Make it easy to say yes. Tell them how long the interview should take. Stress how valuable their opinions are. Offer to schedule a date in the future that works for them. Then send a calendar invitation and a reminder to reserve their time.
33 sample questions for B2B buyer persona interviews
Don’t skip the small talk and a proper thank you for their help. And start with simple questions. You want to make each person feels comfortable, so they open up and share honestly with you. Also, be sure to ask their permission to record your conversation.
This list of sample questions are just suggestions, so edit and add as you see fit. Your goal is to get them talking about themselves and their challenges, so don’t feel like you have to rush through to ask every question.
- What type of company do you work for?
- Which industries does your company serve?
- What is the size of your company? Revenue? Number of employees?
- What is your job title?
- What are the primary responsibilities of your role?
- What does a typical day look like for you?
- What skills are required to do your job?
- What tools do you rely on in your job?
- Who do you report to? Who reports to you?
- How is success measured on your team?
- What are the goals of your team and company?
- What are your biggest challenges at work?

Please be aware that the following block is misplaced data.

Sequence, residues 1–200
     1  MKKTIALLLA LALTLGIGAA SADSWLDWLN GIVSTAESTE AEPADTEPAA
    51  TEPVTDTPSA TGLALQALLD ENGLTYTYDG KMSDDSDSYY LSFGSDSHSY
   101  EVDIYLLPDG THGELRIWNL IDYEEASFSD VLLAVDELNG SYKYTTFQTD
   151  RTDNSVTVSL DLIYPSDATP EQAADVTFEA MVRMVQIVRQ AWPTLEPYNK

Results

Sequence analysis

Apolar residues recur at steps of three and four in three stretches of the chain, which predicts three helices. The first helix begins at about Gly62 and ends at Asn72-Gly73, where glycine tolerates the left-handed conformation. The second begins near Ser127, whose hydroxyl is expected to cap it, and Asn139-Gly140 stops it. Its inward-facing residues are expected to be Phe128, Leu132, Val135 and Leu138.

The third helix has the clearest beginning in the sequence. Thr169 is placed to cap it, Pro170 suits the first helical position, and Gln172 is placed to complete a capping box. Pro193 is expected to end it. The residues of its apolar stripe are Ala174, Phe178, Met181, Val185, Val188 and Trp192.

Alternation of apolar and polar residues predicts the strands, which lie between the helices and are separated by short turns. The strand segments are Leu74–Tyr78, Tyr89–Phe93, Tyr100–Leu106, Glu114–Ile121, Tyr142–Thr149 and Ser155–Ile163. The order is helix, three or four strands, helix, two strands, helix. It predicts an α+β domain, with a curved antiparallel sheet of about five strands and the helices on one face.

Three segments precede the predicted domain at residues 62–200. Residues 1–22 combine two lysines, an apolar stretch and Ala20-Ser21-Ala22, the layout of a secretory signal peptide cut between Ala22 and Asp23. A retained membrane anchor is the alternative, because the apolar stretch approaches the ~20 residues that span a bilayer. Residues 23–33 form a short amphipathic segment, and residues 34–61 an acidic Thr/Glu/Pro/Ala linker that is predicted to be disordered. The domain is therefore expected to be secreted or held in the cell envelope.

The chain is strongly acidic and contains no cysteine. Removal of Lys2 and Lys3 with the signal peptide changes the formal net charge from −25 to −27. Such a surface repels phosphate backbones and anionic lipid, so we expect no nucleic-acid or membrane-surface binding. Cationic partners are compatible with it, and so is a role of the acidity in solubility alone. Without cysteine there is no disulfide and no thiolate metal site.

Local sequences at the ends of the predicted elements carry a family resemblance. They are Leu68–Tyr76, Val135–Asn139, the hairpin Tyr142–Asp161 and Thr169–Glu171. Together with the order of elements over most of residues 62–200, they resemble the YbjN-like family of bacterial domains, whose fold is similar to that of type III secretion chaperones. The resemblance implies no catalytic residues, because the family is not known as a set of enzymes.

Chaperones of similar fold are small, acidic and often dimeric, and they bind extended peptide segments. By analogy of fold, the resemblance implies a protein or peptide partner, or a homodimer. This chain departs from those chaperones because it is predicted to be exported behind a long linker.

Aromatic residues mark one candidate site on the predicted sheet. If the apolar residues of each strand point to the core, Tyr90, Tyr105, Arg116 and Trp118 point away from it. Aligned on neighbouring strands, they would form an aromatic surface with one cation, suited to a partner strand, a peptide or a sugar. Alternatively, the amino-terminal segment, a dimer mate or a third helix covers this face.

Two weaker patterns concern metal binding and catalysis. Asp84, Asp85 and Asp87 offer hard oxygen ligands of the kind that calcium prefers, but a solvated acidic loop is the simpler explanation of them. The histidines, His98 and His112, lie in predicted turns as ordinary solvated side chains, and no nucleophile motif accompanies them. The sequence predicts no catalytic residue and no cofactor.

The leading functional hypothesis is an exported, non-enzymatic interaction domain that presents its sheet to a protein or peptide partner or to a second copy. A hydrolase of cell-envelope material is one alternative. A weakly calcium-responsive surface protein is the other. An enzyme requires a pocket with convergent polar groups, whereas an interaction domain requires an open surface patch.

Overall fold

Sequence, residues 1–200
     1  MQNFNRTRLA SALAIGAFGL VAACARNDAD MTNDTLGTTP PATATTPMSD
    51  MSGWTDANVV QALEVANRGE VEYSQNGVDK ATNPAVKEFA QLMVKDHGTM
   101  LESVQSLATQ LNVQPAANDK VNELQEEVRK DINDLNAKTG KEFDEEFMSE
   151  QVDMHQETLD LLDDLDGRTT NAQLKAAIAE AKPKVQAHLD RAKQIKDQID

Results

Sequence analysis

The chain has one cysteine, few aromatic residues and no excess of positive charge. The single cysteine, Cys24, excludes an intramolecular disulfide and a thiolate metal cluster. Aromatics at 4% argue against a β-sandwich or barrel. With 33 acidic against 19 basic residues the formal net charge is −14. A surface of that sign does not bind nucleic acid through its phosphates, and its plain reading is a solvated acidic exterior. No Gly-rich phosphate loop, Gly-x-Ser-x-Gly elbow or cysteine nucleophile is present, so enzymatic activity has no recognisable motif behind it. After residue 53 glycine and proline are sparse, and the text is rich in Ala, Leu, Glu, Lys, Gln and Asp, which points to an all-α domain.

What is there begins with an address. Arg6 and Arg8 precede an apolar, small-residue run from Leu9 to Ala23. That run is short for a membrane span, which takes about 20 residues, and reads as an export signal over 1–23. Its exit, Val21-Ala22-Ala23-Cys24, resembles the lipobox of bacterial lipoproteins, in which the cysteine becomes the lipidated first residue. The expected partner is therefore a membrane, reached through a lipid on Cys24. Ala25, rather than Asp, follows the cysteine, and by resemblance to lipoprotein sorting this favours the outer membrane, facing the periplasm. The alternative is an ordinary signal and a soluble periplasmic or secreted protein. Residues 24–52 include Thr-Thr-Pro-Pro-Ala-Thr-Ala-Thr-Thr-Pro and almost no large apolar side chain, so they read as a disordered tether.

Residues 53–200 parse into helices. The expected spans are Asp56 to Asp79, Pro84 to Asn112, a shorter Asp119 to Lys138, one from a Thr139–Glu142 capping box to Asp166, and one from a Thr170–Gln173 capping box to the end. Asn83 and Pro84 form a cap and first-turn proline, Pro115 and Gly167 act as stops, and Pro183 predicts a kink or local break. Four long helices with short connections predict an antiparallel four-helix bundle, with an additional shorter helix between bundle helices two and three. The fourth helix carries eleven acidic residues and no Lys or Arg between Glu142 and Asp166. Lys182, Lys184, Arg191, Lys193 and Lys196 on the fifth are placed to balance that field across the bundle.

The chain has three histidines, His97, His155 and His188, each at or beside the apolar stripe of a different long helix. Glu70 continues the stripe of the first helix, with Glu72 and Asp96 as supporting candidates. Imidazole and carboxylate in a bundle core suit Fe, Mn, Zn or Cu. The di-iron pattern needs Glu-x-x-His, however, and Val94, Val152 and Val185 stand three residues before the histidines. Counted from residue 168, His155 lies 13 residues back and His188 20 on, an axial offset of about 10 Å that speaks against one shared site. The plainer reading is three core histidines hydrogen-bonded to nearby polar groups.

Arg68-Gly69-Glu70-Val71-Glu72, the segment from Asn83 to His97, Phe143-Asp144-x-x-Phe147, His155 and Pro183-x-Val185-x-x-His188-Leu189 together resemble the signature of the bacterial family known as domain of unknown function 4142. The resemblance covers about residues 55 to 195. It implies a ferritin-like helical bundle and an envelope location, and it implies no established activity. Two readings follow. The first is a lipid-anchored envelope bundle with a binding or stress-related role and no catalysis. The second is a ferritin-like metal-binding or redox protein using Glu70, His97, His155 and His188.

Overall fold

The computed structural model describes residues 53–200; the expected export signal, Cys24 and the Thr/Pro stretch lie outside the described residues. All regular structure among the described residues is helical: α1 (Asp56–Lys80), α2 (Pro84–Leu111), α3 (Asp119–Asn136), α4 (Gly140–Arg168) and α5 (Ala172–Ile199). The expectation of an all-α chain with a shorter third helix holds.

- What are your biggest concerns or worries? What keeps you up at night?
- How do you stay current on industry trends?
- What publications or websites do you read for work?
- What professional associations do you participate in?
- What do you like to do for fun? Do you have any hobbies?
- Which social networks are you active on?
- What do you enjoy reading in your personal time?
- Do you live in an urban, suburban or rural environment?
- Who else lives at home? Married? Kids?
- What kind of car do you drive?
- What is your age? To be polite, you can ask a range, i.e. Are you in your 30s, 40s, 50s, etc.?
- Describe your educational background. What schools did you attend? What did you study and which degrees did you earn?
- Describe your career path. How did you end up where you are today?
- What are you future career goals?
- Think of the last purchase your company made in my industry, how many people were involved in the decision?
- What concerns came up as you were researching that purchase?
- What is the evaluation process when your company needs to make a purchase?
- How did you get information to help you decide? What sites did you visit? Who did you talk to?
- How do you prefer to contact your partners and vendors? Phone, email, phone, in person, or a mix?
- What could have made the process of making that purchase easier?
- Is there anything I should ask you that I didn’t cover?
Bonus: the most important question to ask in any B2B buyer persona interview.
That’s it. It is crucial to ask this simple follow up question. Dig deeper. Ask why?
Remember that you’re trying to understand their motivations and their concerns. What drives them and how do they feel? So, be empathic, truly listen, and ask them to reflect and elaborate on their answers.
Blender is a full-service B2B marketing agency focused on accelerating growth for clients in manufacturing, healthcare, software and professional services. If you have any questions, we’re here to help.